A Cacatua sulphurea that was successfully secured from illegal wildlife trading is seen in an empty bottle in Surabaya, Indonesia, on May 4, 2015
Suryanto—Anadolu Agency/Getty Images
By Nolan Feeney
May 6, 2015

Critically endangered cockatoos were found stuffed in plastic water bottles in Indonesia during an antismuggling operation.

Police arrested one man suspected of bringing the approximately two dozen birds from Makassar, Sulawesi, and customs officials freed the animals at Tanjung Perak Port in Surabaya, Indonesia, CNN reports.

“[It] shows the lengths that some people will go to try to smuggle birds,” said Richard Thomas, global communications coordinator for Traffic International, which monitors wildlife trade. Plastic water bottles are a common method of smuggling the birds in the region, where wildlife trafficking is widespread.

Authorities found at least two species of cockatoos in the water bottles, according to Indonesia’s Natural Resources Conservation Agency (BKSDA). One of them, the yellow-crested cockatoo — Cacatua sulphurea — has largely disappeared from mainland Indonesia, with the most significant population residing on Komodo island.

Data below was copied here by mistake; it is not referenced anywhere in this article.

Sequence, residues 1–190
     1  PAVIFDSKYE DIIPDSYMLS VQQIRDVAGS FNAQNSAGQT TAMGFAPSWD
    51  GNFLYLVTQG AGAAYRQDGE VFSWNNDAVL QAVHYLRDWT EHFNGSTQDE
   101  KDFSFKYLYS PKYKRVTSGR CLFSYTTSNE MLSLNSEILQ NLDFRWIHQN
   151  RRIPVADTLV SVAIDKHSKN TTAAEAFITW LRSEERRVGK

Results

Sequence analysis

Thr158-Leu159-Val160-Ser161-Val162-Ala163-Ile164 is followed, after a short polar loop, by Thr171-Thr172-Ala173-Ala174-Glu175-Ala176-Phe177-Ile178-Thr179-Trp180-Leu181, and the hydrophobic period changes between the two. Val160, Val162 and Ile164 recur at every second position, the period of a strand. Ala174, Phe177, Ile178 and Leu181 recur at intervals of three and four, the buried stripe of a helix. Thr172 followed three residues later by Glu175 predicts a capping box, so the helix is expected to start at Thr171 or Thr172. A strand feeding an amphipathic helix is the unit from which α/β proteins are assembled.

“[The yellow-crested cockatoos is] a breed that is at very serious risk because of excessive trafficking of wild populations,” Thomas said. “Most of those birds are destined to be trafficked to parrot collector and breeders, rather than the meat market. There’s a lot of demand for parrots and cockatoos in southeast Asia and Europe.”

[CNN]

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